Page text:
Presented By: Sheldon N. Messer, Chauncy Ramos, Manuel Mena, Incarcerated persons of the State of New York and their respective families praying for change, compassion, and help.
Comprehensive Incarcerated Persons Reform,

Rehabilitation, And Reentry Act

(C.I.P.R.A.)

“…Young, unskilled, poorly educated, the typical offender has few marketable capabilities to offer potential employers. Unable to find or keep a job upon his release from prison, the offender often returns to crime---the only “business” he knows. Breaking the cycle of recidivism is a difficult task, involving many complex-contributing factors. One of these is employment potential. Effective programs for building relevant job skills do ease the offender’s reentry into society…”


Gerald M. Caplan, Former director, National Institute of Law Enforcement and Criminal Justice

Table of Contents



Early History of Crime and Punishment………………………………………………2-3

The Rise of Penal Labor, Involuntary Servitude, Mutilations, and imprisonment as forms

Of Punishment…………………………………………………………………………3-4

Religious Interventionism In Matters of Crime and Punishment……………………...4-7

The Rise of Public Punishment as a Deterrent To Crime…………………………….….7

The Beginnings of The Separation Between Church & State…………………………7-8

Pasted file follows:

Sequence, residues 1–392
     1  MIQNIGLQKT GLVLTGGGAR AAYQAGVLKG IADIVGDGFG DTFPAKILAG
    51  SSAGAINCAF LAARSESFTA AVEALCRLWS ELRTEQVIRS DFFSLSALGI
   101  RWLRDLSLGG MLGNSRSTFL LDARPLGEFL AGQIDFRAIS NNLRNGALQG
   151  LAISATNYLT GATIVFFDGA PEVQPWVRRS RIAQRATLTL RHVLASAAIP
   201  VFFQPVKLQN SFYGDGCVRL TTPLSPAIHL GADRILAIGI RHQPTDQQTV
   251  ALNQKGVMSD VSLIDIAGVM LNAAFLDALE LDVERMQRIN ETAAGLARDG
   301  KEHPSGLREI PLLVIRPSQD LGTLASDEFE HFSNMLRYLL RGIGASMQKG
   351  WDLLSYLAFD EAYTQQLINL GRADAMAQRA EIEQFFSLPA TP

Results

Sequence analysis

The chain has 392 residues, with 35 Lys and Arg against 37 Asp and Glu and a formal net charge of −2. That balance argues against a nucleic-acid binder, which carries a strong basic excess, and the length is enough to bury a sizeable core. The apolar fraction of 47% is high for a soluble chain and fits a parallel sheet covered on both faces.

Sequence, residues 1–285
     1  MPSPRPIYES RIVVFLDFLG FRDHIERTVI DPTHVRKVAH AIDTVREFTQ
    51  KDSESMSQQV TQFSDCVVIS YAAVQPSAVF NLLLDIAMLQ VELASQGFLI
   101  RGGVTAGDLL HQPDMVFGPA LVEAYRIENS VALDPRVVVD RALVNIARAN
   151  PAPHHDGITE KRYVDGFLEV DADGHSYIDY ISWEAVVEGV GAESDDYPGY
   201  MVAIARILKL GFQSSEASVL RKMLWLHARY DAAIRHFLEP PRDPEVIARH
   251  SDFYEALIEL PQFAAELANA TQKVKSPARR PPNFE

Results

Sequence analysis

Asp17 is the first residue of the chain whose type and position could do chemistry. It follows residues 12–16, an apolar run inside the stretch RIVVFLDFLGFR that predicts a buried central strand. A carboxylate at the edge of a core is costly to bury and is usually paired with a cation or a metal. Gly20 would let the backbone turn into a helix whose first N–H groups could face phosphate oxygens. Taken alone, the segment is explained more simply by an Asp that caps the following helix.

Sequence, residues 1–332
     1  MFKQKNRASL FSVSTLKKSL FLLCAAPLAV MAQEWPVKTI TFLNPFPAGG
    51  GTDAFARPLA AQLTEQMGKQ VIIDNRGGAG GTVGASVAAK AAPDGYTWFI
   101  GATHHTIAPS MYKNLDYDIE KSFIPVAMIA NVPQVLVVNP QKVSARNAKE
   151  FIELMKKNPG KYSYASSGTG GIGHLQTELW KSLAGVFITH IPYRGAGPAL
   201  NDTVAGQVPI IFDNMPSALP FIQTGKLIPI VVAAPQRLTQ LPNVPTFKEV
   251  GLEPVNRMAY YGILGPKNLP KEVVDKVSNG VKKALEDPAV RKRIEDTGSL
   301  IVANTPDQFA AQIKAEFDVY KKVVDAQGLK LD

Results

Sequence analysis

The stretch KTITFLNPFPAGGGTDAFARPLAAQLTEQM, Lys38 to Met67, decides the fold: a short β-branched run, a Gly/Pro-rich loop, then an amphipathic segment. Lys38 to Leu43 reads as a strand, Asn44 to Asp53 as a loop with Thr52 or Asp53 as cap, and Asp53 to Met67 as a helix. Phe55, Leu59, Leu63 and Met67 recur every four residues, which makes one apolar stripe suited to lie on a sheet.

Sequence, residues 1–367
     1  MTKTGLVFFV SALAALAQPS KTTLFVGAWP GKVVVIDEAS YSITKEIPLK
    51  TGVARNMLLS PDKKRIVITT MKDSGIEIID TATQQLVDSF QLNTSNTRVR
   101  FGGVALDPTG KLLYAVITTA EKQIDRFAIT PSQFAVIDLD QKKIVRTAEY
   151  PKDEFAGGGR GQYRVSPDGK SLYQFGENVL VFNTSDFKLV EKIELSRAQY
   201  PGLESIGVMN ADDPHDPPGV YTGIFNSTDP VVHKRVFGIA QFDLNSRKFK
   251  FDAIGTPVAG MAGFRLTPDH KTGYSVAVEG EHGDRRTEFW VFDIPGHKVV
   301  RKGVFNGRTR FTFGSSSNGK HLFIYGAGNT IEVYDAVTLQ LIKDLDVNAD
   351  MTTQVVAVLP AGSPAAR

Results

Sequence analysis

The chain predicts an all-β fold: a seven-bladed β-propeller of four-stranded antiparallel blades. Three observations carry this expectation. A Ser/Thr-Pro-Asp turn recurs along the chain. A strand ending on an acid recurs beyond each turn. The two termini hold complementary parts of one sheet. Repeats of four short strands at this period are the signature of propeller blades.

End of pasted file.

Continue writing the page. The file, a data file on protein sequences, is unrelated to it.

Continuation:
The Beginnings of The Concept of Imprisonment As Punishment…………………..8-14

The Penitentiary System---The Beginnings of Prisoner Rehabilitation Through

Humanitarian Treatment And Efforts/The Re-emergence of Religious Interventionism in

Crime and Punishment……………………………………………………………….14-16

The Pennsylvania & Auburn Systems of Penology---The Rise of Solitary Confinement &

Its Subsequent Use As Penal Punishment……………………………………………16-18

The Rise of The Prison Industrial Complex………………………………………….18-19

The Shifting Winds of Crime, Punishment, & Prison Policy In America From The Mid-

Twentieth Century To The Early Twenty-First Century……………………………..19-21

The Private Corp. Based Take-Over of American Prison Policy & The Era of the Economy Dependent Slave Labor Pool………………………………………………21-23

The Real Costs of Prisons & Their Environmental, Social, & Economical Impacts Upon The Community & Towns They are Sited & Built In………………………………..23-24

The Building of A Prison---“Siting” Absent Real Public Knowledge of The Environmental Impact………………………………………………………………..24-26